The sommelier presented the bottle with a flourish. I checked the label and nodded. He drew himself up and held the bottle before us like a religious object, gazing beatifically at a point somewhere over our heads. Then, with a deliberate, elegant motion, he unscrewed the cap.
We were at Nahm, one of London's best new restaurants and the first Thai restaurant to receive a Michelin star. The wine was one of Australia's finest Rieslings, a Mt. Horrocks 2002 from Watervale, in the Clare Valley north of Adelaide. We thought it would be perfect with the Thai feast we were about to enjoy in the beautiful honey-colored dining room at the cutting edge of London's burgeoning restaurant scene.
It was indeed perfect, and then some. Its lime-peach fruit, vibrant acidity and pinpoint balance played in and out of the complex flavors and textures of dish after dish. And when it was time to order another bottle, we did so knowing it would be just as wonderful as the first, thanks to the reliable screw cap.
Like it or not--and many wine lovers aren't sure they do--the screw cap is here to stay. After decades of flirtation, high-end wine producers are making a serious commitment to the cork alternative once thought suitable only for jug wines. And California, the premium-wine capital, is at the forefront of the movement in America.
By most current estimates, 3% to 5% of all cork-finished wines are compromised by the cork. The problem is caused by a naturally occurring microorganism (trichloroanisole, or TCA, if you absolutely must know) present in the oak tree bark from which corks are made. The bacteria secrete one of the most highly aromatic compounds known to science, which can introduce off-aromas and flavors to individual bottles of even the best wine. A badly corked wine smells like a wet dog. Even at sub-threshold levels a bad cork can deaden the wine's aromatic freshness.
Cork-tainted wine has always been like the weather: Everyone complains, but nobody does anything about it. Finally, several years ago some Australian producers boldly decided to eliminate corks altogether.
Mt. Horrocks' proprietor, Stephanie Toole, was among the innovators, a group of Clare Valley Riesling producers led by the Riesling master Jeffrey Grosset and including labels such as Mt. Horrocks, Grosset, Queltaler, Knappstein, Petaluma and several others.
"We finally decided that if we're serious about people laying our wines down for 10 years, we have to do something about the cork problem," said Grosset. "It's just not fair to expect our customers to cellar our wines with the risk that a certain percentage will be tainted."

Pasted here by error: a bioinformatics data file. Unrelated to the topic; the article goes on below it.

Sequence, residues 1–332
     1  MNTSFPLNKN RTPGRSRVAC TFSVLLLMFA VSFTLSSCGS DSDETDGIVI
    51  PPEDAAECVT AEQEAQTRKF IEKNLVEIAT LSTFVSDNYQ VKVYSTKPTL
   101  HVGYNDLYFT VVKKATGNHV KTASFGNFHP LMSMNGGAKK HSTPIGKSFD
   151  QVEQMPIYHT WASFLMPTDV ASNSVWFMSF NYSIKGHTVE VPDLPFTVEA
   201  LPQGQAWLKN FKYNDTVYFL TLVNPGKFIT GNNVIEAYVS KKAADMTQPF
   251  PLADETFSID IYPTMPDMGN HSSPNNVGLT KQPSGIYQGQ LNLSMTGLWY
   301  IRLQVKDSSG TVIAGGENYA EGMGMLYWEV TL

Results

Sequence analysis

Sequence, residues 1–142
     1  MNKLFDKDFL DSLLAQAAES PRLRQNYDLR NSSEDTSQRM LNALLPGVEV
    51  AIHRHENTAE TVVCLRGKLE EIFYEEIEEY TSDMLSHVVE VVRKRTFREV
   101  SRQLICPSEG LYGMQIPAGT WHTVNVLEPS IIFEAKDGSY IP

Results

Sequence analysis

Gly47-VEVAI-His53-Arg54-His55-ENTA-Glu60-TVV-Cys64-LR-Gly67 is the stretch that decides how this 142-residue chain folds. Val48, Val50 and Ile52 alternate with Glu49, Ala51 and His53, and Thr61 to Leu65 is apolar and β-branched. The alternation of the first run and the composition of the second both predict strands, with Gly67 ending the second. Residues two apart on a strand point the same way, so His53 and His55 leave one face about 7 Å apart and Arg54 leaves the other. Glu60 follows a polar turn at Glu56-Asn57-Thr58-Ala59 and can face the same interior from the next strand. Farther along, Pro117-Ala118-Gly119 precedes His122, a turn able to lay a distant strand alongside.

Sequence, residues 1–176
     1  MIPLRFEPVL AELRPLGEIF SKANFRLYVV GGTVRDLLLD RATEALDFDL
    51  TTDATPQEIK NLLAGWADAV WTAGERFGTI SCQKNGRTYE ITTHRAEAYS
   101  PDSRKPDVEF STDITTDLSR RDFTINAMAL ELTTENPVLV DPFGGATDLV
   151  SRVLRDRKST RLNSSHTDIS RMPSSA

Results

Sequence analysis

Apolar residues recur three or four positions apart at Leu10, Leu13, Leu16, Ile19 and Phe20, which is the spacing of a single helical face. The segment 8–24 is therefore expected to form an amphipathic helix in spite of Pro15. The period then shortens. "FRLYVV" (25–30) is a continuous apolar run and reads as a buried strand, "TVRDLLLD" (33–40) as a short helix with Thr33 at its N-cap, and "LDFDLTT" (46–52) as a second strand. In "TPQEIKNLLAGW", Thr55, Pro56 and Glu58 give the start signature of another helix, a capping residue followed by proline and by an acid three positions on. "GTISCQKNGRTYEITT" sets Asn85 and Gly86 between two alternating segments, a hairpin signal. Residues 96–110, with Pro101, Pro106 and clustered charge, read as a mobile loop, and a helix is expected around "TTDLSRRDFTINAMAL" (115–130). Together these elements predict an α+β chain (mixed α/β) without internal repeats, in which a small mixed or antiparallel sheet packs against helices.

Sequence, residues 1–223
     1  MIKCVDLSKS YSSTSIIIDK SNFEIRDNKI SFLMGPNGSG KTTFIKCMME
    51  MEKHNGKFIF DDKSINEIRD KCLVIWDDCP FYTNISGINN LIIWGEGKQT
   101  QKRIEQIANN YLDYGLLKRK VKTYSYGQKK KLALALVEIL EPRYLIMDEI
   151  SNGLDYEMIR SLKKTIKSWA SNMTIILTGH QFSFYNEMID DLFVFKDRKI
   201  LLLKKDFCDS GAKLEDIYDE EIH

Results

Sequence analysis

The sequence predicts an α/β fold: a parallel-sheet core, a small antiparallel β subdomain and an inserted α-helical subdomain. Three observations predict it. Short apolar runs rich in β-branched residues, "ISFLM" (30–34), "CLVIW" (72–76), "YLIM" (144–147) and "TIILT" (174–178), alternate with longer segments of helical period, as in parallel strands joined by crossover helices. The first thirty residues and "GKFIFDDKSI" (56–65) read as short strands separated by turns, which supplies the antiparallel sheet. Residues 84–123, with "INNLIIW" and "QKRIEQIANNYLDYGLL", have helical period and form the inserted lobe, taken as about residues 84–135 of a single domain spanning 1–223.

It's no accident that Riesling producers took the initiative. They're particularly susceptible to the problem. "Riesling fruit in particular is so delicate and complex that it can be tainted by the most minute levels of TCA," says Grosset.
"In fact, many of us have long suspected that the presence of this piece of wood in the mouth of the bottle may compromise Riesling fruit even without TCA contamination."
The Clare producers collectively bottled most of their vintage 2000 Rieslings in distinctive blue bottles with metal screw-cap closures called Stelcaps, a cosmetic update of the French-made Stelvin closure, developed in the late 1950s.
The next year virtually all the Clare Valley and Eden Valley Riesling producers went to Stelcaps. Last year they were joined by a number of other producers in Australia. Southcorp, Australia's largest wine group, bottled all its 2001 Rieslings with Stelcaps under the Penfolds, Rosemount and Wynn's labels. Several New Zealand wineries got on board, too.
Early this month, the movement spread to the Northern Hemisphere when Oregon's Argyle Winery (owned by the prominent Australian vintner Brian Croser) announced it would bottle most of its 2002 wines with caps. And California's own Randall Grahm said he will bottle about 80,000 cases of red and white Bonny Doon wine with Stelvin screw tops. Sonoma-Cutrer has also bottled some of its Chardonnay with screw caps, and Downing Vineyards has done the same with some 200 cases of Napa Valley Zinfandel.
By my count, more than 50 premium winemakers--primarily in Australia, New Zealand and the U.S.--are bottling all or part of their production under screw caps.
The screw cap is a roll-on, tamper-evident closure composed of a threaded aluminum alloy cap with a multilayered liner. Compression of the liner against the glass creates a neutral, airtight seal. It's been the closure of choice for spirits, oils and other perishable liquids for more than 30 years.
Winemakers have long kept their own collections of library wines under screw cap because they know that it will protect better than cork.
The last bastion of cork, upscale reds, may fall to innovation sooner than anyone thinks. Jeffrey Grosset bottled his 2000 Gaia red blend under Stelvin (Stelcap's more robust cousin).